Bombing of Darwin

The bombing of Darwin, Australia happened 75 years ago.

Soon after Pearl Harbor took place in December of ’41, the Australian government decided to evacuate the city of Darwin. Darwin was an important Allied base on the northern edge of Australia, providing access to Asia and the pacific.

Most residents of Darwin loaded onto ships that ferried them south to the bigger cities like Perth and Melbourne and Sydney. Passengers took turns manning the scopes – looking, watching, waiting, scanning the surface of the water for periscopes.

Australia had a good hunch that the Japanese would come for Darwin sooner than later.

Sure enough in February, just a couple months after Pearl Harbor, the Japanese dropped bombs on the Darwin base and the surrounding cities. Hundreds died on the first day, residents and military members both. A destroyer called the USS Peary sunk after being hit by five bombs. (USS Peary still rests in the Darwin harbor today, under about 90 feet of water.)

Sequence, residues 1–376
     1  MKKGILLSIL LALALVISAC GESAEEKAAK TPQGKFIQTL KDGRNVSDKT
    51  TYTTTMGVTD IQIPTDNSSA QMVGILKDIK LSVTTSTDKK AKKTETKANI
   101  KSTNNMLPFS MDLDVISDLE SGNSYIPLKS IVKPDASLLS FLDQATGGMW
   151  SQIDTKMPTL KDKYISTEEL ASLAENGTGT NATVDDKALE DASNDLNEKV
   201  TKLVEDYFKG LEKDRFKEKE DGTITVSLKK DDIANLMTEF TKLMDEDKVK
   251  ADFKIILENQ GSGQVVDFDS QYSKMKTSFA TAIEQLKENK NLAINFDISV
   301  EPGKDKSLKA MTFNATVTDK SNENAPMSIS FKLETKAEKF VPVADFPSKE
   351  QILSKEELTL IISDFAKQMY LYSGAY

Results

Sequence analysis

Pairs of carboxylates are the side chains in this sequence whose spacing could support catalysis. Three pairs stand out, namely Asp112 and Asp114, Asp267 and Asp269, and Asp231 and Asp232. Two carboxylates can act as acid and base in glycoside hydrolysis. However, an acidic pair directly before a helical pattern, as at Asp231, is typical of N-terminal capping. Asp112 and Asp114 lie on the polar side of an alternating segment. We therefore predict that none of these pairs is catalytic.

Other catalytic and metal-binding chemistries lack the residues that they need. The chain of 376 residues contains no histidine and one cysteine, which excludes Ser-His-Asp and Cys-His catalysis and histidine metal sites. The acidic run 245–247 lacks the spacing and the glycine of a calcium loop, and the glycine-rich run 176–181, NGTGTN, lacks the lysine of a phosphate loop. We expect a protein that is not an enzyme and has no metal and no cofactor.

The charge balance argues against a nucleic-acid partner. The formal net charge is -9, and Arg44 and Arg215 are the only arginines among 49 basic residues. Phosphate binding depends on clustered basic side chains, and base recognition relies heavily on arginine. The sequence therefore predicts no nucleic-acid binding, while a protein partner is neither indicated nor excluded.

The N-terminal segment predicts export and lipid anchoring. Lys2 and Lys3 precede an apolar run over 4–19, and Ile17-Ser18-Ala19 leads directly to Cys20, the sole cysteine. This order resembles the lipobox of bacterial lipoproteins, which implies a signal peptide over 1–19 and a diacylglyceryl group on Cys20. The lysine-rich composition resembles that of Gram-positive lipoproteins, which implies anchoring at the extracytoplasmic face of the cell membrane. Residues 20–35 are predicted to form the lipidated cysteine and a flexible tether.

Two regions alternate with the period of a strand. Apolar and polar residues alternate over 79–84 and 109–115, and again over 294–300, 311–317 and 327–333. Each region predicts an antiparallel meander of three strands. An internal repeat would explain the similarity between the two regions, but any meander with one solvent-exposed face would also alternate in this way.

The Japanese air raids continued over the next few years until America finally ended the war with atom bombs at Nagasaki and Hiroshima.

Japanese ambassadors, Australian governors and American military members were all present for the 75 year anniversary memorial service this past weekend.


All Eyes On Me


You’d think I was a supermodel, but they only want me for my money.

In Bali everyone honks at me. I can’t go 20 feet down the street without being yelled at.  A taxi driver sees me from a mile away, slows down, and starts banging on his horn to get my attention. On a good day I ignore every single one of them. On a bad day, the attention drives me fucking crazy.